Gibbons rules out step increases for state workers
Gov. Jim Gibbons said Tuesday that, in addition to no cost of living raises, state workers will not be receiving step increases in the coming budget cycle.
Gibbons has said several times over the past few months there would be no cost of living raises for state workers in his proposed budget. Asked Tuesday if that included step increases, he said, “Yes. An increase is an increase.”
Chief of Staff Josh Hicks said, “we don’t anticipate any pay raises being possible.” But he said those workers who reach their next anniversary date before the end of this fiscal year will get the step increase if they qualify otherwise.
“We have gotten to the point where we are no longer able to improve the salaries of people at this point,” Gibbons said after the Board of Examiners meeting Tuesday.
He said no raise is better than layoffs, which he is trying to avoid.
According to Director of Administration Andrew Clinger, eliminating step increases for the next two years would save the state about $80 million a year. But that includes all positions. It would save the General Fund about half that ” $40 million for the year or $80 million for the biennium.
Each step for classified workers averages about 4.5 percent more pay. There are 10 steps for workers in the classified system.
Clinger said the state can make the adjustment for its employees in the payroll system. He said the more difficult proposition is making that adjustment in the public school budgets since the state turns the more than $1 billion a year over to the districts, which decide how to spend it.
Hicks said eliminating the step increases for the next budget cycle there will involve meetings with school officials.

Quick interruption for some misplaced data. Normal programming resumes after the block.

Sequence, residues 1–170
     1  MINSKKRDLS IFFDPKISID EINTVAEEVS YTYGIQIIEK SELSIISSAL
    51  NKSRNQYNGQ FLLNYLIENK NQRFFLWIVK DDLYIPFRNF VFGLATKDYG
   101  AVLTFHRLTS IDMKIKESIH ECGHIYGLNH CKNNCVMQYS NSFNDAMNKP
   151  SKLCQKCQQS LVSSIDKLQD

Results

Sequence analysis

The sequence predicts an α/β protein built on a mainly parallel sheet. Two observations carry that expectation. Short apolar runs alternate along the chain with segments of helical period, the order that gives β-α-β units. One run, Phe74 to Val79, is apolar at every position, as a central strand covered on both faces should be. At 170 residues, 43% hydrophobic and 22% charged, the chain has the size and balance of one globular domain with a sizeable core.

Gibbons said one of the key elements of the plan adopted in Monday’s special session is off the table for the 2009-2011 biennium: “No more loans.”
“The state does not need to dig itself in a deeper hole,” he said. “We need to pay off this obligation,” referring to the $160 million line of credit approved Monday and signed into law Tuesday.
Asked about long-term changes to state government, he said: “The government we see today is not going to be the government we see tomorrow. It will be smaller. It will be more effective, more efficient.”
As for the Republican Assembly caucus’s opposition to the “line of credit” and several other parts of the $340 million budget package approved by the special session, he said he doesn’t agree they amount to tax increases because “there’s no increase to the consumer.”
“I looked at all those bills and I and many of the members of the Legislature believe they are not tax increases,” he said.
Contact reporter Geoff Dornan at firstname.lastname@example.org or 687-8750.